Dead Rhetoric: Where do you feel that Hegemony sits in your discography, from a sonic standpoint?

Vorph: The title – we used the title because we felt like it was ruling over everything we have done before. I had a feeling with the previous album, Lux Mundi, we were trying to make sense of what we have done before. There were elements that were typical of Samael, but a lot of experimentation that we tried here and there. With Lux Mundi, we wanted to put it together and have an album that represents the band. I think that created the base from which we created Hegemony. It’s the next level, so to speak.

Dead Rhetoric: Do you feel that the song “Samael” is a bit of an anthem for the band?

Vorph: We’ll have to see when we play it live [laughs]. For me, the song really gets its own life when you play it on stage; that’s the moment when you know what you’ve done. For this album, we have already played three songs. The general vibe is very positive, so we’ll see. But we haven’t played “Samael” yet. Lyrically, that was pretty much a song where I tried to talk about the connection we have within the band. When you are four people – when you are together doing music, there’s always somebody else. There’s an entity that is above yourself. The clash of ideas and everything. When you play live and are having a very good concert, it’s like that but on a larger scale. I wanted to talk about that. I had the idea for a song called “Samael” for a long time, but I didn’t have a subject. This time I felt it was worth trying.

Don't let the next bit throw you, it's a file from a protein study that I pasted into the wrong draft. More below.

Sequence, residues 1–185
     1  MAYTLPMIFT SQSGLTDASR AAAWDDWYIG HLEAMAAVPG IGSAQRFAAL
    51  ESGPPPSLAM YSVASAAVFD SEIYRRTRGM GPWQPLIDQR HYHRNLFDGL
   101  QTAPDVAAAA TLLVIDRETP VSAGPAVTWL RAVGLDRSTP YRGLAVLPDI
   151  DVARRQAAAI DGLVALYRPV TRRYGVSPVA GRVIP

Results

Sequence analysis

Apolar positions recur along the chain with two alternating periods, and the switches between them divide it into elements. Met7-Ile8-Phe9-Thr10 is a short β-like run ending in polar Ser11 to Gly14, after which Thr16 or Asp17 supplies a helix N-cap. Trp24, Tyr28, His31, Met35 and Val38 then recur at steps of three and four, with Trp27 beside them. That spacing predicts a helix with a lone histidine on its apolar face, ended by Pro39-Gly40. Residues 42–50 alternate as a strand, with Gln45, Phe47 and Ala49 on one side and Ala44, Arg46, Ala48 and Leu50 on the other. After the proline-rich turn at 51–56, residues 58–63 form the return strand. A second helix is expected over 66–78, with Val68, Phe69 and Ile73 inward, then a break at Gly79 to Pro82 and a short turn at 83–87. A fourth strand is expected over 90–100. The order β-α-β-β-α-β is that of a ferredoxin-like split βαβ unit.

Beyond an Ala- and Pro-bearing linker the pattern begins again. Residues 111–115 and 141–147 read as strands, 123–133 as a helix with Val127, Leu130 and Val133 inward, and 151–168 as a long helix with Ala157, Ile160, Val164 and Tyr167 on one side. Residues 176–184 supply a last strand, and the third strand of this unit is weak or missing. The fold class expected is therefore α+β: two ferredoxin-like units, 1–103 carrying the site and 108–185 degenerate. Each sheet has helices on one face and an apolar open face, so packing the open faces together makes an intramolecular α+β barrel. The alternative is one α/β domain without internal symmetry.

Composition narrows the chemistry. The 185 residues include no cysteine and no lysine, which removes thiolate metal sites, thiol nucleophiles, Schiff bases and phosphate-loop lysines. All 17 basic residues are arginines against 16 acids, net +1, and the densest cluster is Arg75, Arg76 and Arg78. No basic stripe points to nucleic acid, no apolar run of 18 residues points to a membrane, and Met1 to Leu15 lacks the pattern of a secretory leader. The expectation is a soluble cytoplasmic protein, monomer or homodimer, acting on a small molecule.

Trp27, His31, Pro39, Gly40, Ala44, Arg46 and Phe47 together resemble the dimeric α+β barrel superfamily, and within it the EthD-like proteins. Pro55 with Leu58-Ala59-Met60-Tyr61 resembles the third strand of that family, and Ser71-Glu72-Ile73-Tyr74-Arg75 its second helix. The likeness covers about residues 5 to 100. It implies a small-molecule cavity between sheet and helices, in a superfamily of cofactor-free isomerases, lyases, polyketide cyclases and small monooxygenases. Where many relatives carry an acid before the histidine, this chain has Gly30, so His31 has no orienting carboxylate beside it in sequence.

Dead Rhetoric: Along the same lines, where did the idea to cover “Helter Skelter” come from?

Vorph: I love the song. For me, it’s the prototype of all the music that I love in my life. It’s probably where heavy metal started. At least that’s the way I see it. It’s so unusual for The Beatles to have a song like this, I don’t know what they had in mind. Was it a joke or something? The distorted guitar – it was very edgy at the time. A lot of bands had covered it already. So we actually listened to them too. The one from Motley Crue, for example. We thought that maybe we could do something that no other band had done. We tried to take that song, and keep the [essence] and turn it into a Samael song. That’s what we tried to do.

Dead Rhetoric: The band is more or less synonymous with innovation. What drives you to continue moving forward when many peers are content with delivering more or less the same sound with each new album?

Vorph: We don’t know if we are going to succeed in reinventing ourselves in the future, but you want to have the feeling that you are still relevant to what you want to present. When you present new material on stage, and you are excited about it, it’s the best feeling in the world. This is what we are looking forward to. If you play stuff that you are already very comfortable with, you won’t have this feeling. You will just have the feeling that this is the second or third version of something that we’ve already done. There are some of our songs that have ideas that were on the past and have gone through albums and become mature.

For example, we were trying to do a song with a 3/4 [tempo], more like a Vals thing, and we did it for our mini-album Exodus. There was a song called “Winter Solstice.” That was our idea, but I don’t think it was a total success in the way that we did it. We were happy at the time, and then the same idea came back in the time of Reign of Light. We had a song called “On the Rise,” which is also this kind of tempo. I think it’s a lot better because it’s more mixed and less predictable. The last one we did was on Lux Mundi, “Antigod,” and I think we actually reached the point where we probably aren’t going to try it again because we succeeded in what we had in mind. So it took 20 years from the first time we tried it until we got it. There are some ideas that you start at some point, and then grow…maybe you don’t have the technicity or vision to really work it out the way you’d like. It takes time.